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San Francisco, businesses to boycott Indiana over new anti-gay religious freedom law

San Francisco, businesses to boycott Indiana over new anti-gay religious freedom law

San Francisco has become the first major city to boycott Indiana over its new laws that will discriminate against LGBTI people.

Mayor Ed Lee (D) said on Thursday that he objects to Indiana’s Religious Freedom Restoration Act that allows businesses in the state to cite religious beliefs as a legal defense for businesses to refuse service to lesbian, gay, bisexual and transgender individuals.

Lee said in a statement that the city will not use taxpayer money to fund any city employees’ trips to the Midwestern state.

The statement reads: ‘We stand united as San Franciscans to condemn Indiana’s new discriminatory law, and will work together to protect the civil rights of all Americans including lesbian, gay, bisexual and transgender individuals.

‘Effective immediately, I am directing City Departments under my authority to bar any publicly-funded City employee travel to the State of Indiana that is not absolutely essential to public health and safety. San Francisco taxpayers will not subsidize legally-sanctioned discrimination against lesbian, gay, bisexual and transgender people by the State of Indiana.’

A number of busineses including Apple and Yelp have expressed their objection to the new law since it was signed into law by Indiana Gov Mike Pence (R) on Thursday, saying they may pull back their investments in the state.

Tim Cook, CEO of Silicon Valley-based Apple, tweeted Friday that the company is ‘deeply disappointed’ in the new law. He also urged Arkansas Gov Asa Hutchinson (R) to veto a similar measure in his state.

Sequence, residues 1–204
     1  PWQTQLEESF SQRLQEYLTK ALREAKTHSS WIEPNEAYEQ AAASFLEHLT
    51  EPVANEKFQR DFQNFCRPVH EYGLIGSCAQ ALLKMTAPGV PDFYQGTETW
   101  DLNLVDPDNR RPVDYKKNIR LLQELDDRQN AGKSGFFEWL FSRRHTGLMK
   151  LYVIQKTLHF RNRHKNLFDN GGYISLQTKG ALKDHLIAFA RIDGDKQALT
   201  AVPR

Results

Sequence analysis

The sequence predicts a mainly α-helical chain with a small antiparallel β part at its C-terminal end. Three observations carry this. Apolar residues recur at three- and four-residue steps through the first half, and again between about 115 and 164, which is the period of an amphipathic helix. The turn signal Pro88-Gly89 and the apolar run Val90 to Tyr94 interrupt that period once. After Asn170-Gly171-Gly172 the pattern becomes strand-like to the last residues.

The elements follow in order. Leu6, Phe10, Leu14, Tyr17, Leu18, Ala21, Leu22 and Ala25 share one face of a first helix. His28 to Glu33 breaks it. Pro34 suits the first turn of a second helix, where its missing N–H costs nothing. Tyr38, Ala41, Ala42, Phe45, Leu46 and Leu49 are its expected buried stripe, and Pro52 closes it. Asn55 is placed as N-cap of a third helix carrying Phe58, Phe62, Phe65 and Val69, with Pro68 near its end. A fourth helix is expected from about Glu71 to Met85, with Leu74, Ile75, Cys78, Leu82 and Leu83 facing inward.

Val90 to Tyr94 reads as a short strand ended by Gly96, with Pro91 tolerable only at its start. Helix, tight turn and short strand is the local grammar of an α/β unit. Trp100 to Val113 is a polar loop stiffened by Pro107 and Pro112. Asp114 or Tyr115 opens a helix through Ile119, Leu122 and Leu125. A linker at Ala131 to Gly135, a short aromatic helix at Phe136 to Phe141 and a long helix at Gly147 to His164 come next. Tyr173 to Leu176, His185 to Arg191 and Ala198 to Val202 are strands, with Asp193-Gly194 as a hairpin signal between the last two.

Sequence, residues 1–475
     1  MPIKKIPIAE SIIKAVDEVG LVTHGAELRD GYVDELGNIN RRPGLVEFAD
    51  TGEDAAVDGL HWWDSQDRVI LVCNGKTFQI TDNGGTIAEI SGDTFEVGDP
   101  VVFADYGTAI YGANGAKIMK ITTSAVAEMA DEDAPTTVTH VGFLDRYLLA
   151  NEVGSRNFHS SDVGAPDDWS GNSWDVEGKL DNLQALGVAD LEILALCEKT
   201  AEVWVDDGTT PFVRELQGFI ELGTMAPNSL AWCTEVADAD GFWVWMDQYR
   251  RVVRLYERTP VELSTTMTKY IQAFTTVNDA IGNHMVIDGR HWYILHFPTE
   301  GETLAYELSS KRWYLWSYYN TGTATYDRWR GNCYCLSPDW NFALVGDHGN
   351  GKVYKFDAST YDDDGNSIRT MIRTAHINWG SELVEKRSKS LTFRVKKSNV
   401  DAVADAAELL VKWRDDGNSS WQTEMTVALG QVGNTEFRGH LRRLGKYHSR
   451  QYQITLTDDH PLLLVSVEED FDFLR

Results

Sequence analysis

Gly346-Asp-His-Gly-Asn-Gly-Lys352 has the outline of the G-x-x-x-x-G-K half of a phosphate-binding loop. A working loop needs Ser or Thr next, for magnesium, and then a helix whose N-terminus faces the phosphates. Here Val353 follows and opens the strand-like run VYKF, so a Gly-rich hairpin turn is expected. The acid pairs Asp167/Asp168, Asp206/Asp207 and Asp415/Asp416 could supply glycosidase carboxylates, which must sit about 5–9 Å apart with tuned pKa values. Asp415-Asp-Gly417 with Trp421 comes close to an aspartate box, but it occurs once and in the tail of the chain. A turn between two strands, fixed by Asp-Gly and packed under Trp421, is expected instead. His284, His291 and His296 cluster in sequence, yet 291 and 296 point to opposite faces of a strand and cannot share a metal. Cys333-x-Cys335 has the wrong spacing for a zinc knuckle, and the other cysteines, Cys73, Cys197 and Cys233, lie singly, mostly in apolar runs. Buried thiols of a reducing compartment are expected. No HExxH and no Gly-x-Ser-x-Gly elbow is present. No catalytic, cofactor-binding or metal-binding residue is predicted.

Salesforce CEO Marc Benioff has canceled the company’s events in Indiana, saying he would not require his employees or customers to travel to a state where they could face discrimination. Prior to the bill becoming law, Benioff said his company would reduce its investment in Indiana due to the bill.

Jeremy Stoppelman, CEO of San Francisco-based crowdsourced review website Yelp said the company will ‘make every effort to expand its corporate presence only in states that do not have these laws allowing for discrimination on the books.’

In an open letter to states considering imposing discrimination laws, he wrote: ‘It is unconscionable to imagine that Yelp would create, maintain, or expand a significant business presence in any state that encouraged discrimination by businesses against our employees, or consumers at large.’

He added, ‘I encourage states that are considering passing laws like the one rejected by Arizona or adopted by Indiana to reconsider and abandon these discriminatory actions. (We’re looking at you, Arkansas.)’

Eli Lilly and Company, an Indiana-based global drug giant which employs more than 11,000 workers in the state, has called the law ‘bad for Indiana and for business.’

‘Discriminatory legislation is bad for Indiana and for business. That’s one key reason we worked with the Indiana Chamber and other businesses in an attempt to defeat the legislation,’ spokeswoman Janice Chavers was quoting as saying by Thinkprogress.

Gen Con CEO Adrian Swartout said he is considering moving the US$50 million annual comics and gaming convention out of Indiana over the law.

‘Legislation that could allow for refusal of service or discrimination against our attendees will have a direct negative impact on the state’s economy and will factor into our decision-making on hosting the convention in the state of Indiana in future years.’  

The US Disciples of Christ church has also threatened to move its 2017 General Assembly convention outside of Indiana over the new law.